If it isn’t directly connected, odds are that it would take only a few steps to get to the technology. Call it Six Degrees of Multi-Screen.
It was that backdrop that helped put cable on the map as a legitimate force in the boxing business, through an emerging delivery technology saddled with the indelicate name of “pay-per-view.”
Over-the-top (OTT) video traffic continues to increase as more and more consumers start to use long-form video portals such as Hulu, Netflix and HBO Go.
One of the persistent themes at Expo was the need to listen to the customer. There was repeated talk of understanding, anticipating and responding...
There is a lot of effort underway in the cable and consumer electronics industries to develop methods for conserving energy. Some of this is driven by the Energy Star 3.0 requirements for TVs, DVD players and set-top boxes.
Cable operators have been in a strong position to address the demand for mobile backhaul and business services. The biggest impediment to satisfying that demand is that cable networks built to support primarily residential video and data services do not meet the SLA requirements of large enterprise customers.
At Cable-Tec Expo, we ran into Comcast CTO Tony Werner, mentioned what Verizon’s Eric Bruno had announced about Home Control, and asked him if Comcast had any plans to do likewise: sell broadband-based services outside of its traditional footprint.
Ordinarily, we include coverage of Cable-Tec Expo in our November/December print issue. This year, Expo was scheduled too late in the year for us to include it in that edition, prompting this extra online installment.
Most service providers currently deliver MPEG transport streams to their customers, although on at least one leg of their journeys, those streams are likely to travel on a packet network. As streaming services gain popularity, that's guaranteed to happen more often. There are new standards available that operators can use to assure their networks are able to properly handle the traffic.
New consumer research from Leichtman Research Group (LRG) found that 44 percent of TV households in the United States have at least one DVR, and one-third of DVR households have more than one DVR.
Outdoor Wi-Fi is the new black when it comes to data services for cable operators. Not only does Wi-Fi reduce customer churn in the face of increased competition from telcos, it does so by leveraging the existing DOCSIS plant while laying the groundwork for new revenue services in the future.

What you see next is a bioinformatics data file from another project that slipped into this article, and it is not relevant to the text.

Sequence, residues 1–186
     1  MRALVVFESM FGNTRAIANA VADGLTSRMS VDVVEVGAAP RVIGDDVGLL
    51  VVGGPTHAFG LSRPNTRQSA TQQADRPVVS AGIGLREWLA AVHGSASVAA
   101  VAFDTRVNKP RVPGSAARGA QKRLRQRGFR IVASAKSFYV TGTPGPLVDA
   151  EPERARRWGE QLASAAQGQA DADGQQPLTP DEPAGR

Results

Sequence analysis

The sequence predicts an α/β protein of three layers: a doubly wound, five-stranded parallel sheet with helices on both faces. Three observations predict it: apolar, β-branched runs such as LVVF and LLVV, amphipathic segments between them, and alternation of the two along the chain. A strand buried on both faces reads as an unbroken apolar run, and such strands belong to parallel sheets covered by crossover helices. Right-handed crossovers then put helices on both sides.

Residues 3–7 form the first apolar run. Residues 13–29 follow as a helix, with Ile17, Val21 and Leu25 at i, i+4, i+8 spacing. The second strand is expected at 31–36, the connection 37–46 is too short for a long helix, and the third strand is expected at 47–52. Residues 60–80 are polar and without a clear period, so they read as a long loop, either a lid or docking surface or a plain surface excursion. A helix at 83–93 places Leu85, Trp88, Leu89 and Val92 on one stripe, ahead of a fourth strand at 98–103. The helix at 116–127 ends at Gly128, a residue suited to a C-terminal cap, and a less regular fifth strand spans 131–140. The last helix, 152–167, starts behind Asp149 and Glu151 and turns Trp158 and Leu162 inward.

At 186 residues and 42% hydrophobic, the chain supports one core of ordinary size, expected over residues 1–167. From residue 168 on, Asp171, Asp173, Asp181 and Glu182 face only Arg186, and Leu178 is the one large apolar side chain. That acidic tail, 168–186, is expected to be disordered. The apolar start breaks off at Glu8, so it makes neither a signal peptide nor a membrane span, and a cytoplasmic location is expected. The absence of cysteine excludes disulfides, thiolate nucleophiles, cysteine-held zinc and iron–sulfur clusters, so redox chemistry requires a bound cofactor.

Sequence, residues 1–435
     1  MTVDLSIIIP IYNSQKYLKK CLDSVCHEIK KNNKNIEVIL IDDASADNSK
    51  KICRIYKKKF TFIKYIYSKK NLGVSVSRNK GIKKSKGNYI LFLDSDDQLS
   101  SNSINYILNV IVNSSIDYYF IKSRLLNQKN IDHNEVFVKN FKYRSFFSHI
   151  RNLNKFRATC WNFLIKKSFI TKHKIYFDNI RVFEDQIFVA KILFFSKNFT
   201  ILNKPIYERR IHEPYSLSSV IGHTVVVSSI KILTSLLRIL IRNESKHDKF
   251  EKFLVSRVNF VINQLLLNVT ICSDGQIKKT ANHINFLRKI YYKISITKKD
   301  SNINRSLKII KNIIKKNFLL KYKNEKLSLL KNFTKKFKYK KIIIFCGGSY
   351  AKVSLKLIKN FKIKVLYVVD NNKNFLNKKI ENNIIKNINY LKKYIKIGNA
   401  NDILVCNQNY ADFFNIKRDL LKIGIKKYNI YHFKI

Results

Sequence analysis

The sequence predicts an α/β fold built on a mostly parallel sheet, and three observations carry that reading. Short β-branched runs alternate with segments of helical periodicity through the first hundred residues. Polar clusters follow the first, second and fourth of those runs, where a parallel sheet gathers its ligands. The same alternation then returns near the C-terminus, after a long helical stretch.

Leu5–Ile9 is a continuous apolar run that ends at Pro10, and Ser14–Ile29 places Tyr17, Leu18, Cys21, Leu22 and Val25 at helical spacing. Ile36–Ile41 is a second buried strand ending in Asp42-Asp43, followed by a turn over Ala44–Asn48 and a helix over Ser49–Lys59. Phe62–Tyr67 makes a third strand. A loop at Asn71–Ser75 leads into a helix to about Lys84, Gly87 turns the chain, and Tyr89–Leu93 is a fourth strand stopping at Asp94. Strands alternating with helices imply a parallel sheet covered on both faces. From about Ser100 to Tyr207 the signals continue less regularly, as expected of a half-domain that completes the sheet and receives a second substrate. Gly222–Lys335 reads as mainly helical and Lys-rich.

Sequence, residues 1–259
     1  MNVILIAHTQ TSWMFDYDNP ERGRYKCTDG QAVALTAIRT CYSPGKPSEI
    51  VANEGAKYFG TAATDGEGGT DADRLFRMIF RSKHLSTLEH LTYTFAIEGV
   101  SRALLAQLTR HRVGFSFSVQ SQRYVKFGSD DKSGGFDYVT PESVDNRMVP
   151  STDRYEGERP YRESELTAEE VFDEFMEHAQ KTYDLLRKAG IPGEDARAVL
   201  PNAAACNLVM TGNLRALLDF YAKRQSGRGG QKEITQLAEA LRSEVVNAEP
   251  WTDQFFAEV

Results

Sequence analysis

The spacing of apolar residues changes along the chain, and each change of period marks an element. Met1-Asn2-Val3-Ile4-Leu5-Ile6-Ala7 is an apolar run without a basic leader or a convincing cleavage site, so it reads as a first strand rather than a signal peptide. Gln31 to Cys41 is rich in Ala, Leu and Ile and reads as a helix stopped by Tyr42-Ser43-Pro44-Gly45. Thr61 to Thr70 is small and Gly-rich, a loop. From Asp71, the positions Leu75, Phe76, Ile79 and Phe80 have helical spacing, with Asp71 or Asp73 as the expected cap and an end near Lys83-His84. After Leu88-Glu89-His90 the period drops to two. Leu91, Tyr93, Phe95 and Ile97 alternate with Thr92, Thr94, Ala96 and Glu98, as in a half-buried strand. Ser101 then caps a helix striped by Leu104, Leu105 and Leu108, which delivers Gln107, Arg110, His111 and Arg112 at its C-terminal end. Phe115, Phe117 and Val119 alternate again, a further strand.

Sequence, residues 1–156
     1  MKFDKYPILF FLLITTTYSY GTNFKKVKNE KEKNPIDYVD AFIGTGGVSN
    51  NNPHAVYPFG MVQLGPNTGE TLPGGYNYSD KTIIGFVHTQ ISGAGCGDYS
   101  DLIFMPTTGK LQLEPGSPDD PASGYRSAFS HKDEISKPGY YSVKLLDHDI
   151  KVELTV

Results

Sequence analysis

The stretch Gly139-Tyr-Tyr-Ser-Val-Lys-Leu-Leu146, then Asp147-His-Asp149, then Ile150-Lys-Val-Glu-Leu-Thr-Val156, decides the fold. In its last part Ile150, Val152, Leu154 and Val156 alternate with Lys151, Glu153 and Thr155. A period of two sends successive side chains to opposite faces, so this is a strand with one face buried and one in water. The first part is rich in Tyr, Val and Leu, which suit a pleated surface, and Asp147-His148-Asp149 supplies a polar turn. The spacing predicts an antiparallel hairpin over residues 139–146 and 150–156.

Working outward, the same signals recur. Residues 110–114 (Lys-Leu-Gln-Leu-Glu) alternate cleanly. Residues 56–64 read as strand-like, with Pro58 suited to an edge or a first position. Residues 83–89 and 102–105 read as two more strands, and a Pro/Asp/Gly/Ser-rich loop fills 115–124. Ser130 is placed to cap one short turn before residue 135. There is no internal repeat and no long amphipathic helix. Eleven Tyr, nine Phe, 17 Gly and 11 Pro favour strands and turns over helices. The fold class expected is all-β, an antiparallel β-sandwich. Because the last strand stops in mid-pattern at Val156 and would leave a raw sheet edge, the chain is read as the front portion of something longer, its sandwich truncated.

At a keynote address at TelcoTV, during the last question he fielded at the concluding Q&A session, the last thing Verizon senior vice president of consumer product management Eric Bruno said immediately before thanking the audience and leaving the stage was an offhand-sounding comment that Verizon might start offering Home Control nationally.
In the old days, “video display” used to mean “the TV” – more specifically, an analog input standard-definition TV. But that has all changed now. Today's new televisions are digital, and video viewing is becoming more popular on PCs, tablets and smartphones, creating a broader category of video display devices. These new devices are different from the old one in many ways, but one way in particular is that they’re not designed to support an interlaced (i) video format.
With the launch of new consumer services, companies face business and technical challenges that impede time to market and successful deployments. Multi-screen app development for the cable TV industry is no different. Some unique business and technical challenges must be addressed to take advantage of the “appmania” that is sweeping the CE industry.
The push for multi-screen video services is creating new players in the digital content value chain, including over-the-top providers, and creating opportunities and challenges for service providers, advertisers, content providers and consumers.